I can't tell you how many times I've witnessed this scenario. A guy tries to make it across a room where smoking is taking place, and before he can even make it to the other side of the room, he keels over and drops dead or unconscious from a heart attack.
I'm not sure why we need research and a cardiologist to tell us that mere seconds of secondhand smoke exposure causes people to have heart attacks, when common sense and general experience would tell us that people are dropping dead of heart attacks all the time when trying to pass through rooms where smoking is occurring.
Seriously - this claim flies in the face of common sense and our collective experience. That doesn't mean the claim is wrong, but it does mean that in order to support such a claim, one would need to provide strong evidence or documentation of this risk. However, I am aware of no evidence or documentation that 10-15 seconds of secondhand smoke exposure (the time it would take to pass through a smoky room) causes heart attacks in nonsmokers. And to my knowledge, no such evidence has ever been presented.
But what makes this claim really inappropriate and unfortunate is the fact that it is not merely trying to portray one individual's opinion of the risk of acute secondhand smoke exposure, which the public might dismiss as being exaggerated. Instead, the claim being made is actually that the United States Surgeon General has concluded that merely passing through a smoky room causes heart attacks in nonsmokers.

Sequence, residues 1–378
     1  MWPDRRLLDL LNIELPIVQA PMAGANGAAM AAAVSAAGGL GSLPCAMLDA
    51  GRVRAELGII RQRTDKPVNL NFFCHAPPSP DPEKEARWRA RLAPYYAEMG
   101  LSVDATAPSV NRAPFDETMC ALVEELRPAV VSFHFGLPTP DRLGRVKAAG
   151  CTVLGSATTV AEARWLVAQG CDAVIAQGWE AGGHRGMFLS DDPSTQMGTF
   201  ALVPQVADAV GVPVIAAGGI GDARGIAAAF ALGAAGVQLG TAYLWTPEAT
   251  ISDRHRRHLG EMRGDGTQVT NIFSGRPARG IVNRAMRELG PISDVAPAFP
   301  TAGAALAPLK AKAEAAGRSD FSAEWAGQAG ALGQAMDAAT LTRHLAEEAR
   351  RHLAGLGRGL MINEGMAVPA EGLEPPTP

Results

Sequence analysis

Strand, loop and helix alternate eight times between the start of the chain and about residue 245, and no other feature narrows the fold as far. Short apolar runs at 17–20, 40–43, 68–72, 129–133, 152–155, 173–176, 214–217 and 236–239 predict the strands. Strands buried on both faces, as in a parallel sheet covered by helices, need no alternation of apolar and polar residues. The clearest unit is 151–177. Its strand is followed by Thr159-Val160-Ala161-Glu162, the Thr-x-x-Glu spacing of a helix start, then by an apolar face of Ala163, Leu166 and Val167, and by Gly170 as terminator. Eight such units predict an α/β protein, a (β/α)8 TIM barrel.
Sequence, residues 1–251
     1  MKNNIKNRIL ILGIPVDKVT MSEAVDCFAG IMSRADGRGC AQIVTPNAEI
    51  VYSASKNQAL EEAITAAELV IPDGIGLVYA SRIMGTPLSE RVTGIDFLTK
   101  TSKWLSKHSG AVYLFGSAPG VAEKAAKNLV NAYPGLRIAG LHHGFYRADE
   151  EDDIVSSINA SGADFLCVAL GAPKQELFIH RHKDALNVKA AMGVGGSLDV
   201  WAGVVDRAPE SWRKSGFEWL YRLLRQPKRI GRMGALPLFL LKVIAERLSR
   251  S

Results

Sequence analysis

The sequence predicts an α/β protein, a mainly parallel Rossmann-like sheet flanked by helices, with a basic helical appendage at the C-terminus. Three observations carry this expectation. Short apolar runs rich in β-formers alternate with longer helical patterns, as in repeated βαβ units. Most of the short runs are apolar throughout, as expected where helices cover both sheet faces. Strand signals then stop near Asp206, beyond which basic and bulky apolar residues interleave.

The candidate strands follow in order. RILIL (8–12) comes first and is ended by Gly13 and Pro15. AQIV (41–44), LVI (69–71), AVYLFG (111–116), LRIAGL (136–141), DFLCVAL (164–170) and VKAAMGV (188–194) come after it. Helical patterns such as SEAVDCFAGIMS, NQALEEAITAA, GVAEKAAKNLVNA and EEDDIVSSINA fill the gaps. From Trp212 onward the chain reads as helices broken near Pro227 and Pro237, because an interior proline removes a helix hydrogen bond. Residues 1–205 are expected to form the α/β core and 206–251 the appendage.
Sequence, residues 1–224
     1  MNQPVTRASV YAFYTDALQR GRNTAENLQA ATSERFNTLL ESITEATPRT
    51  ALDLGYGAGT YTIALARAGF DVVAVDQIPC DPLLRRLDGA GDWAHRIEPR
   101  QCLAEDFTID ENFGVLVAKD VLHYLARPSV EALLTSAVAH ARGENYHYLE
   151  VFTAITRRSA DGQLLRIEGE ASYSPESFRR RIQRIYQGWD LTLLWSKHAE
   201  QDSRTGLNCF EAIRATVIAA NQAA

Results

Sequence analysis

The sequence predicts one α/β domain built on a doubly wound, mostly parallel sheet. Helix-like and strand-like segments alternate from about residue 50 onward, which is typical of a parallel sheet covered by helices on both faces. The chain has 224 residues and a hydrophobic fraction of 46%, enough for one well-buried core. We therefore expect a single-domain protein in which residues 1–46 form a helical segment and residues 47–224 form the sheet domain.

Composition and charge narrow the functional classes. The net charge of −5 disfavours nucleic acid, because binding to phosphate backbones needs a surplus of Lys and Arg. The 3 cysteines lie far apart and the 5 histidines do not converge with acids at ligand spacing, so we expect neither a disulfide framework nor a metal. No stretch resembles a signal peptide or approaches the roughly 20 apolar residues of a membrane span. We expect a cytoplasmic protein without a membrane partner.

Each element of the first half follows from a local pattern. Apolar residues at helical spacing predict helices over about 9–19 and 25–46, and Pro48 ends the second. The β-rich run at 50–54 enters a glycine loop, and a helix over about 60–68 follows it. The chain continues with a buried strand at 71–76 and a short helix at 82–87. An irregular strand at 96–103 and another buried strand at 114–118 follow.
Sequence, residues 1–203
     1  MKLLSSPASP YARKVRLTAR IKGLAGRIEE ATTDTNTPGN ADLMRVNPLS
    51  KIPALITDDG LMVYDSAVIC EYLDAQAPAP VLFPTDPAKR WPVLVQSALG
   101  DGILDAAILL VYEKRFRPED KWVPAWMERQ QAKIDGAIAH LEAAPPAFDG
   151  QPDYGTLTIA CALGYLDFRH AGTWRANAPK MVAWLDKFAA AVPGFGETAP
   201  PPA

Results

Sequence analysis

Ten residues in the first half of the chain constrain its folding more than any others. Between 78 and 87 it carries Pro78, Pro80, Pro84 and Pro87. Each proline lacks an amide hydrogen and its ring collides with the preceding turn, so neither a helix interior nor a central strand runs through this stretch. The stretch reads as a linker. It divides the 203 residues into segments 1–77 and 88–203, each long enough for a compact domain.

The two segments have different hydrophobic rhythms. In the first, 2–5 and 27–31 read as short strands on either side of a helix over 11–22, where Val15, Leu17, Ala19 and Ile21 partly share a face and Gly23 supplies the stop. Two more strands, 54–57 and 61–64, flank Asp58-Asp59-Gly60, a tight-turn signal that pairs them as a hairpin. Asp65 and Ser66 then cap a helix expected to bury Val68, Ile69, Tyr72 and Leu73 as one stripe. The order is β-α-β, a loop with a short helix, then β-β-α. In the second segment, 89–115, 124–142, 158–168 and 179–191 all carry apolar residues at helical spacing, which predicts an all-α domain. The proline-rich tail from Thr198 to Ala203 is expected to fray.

If you re-read the opinion piece, you'll see that the writer is not simply offering his own opinion, but is communicating to the public that the Surgeon General drew such a conclusion.
This is untrue. If you read through the 727-page Surgeon General's report (you don't actually have to do it if you're pressed for time - I've read through the entire thing), you will not find any conclusion or finding that passing through a smoky room causes heart attacks in nonsmokers, or that very brief exposures (such as 15-30 seconds) in any setting cause heart attacks.
I suppose that if one only read the Surgeon General's propaganda statements, which do imply that a brief exposure to secondhand smoke can cause heart attacks and heart disease, but failed to actually read the report for oneself, one could perhaps be misled into thinking that the report concluded that brief exposure causes nonsmokers to have heart attacks. However, I think if you are going to publicly represent the conclusions of the Surgeon General to the public, you have a responsibility to read the report and understand the science. In addition, to take the vague term - "brief" - and translate that into the amount of time it takes to pass through a smoky room is an unwarranted exaggeration of even the misrepresented findings.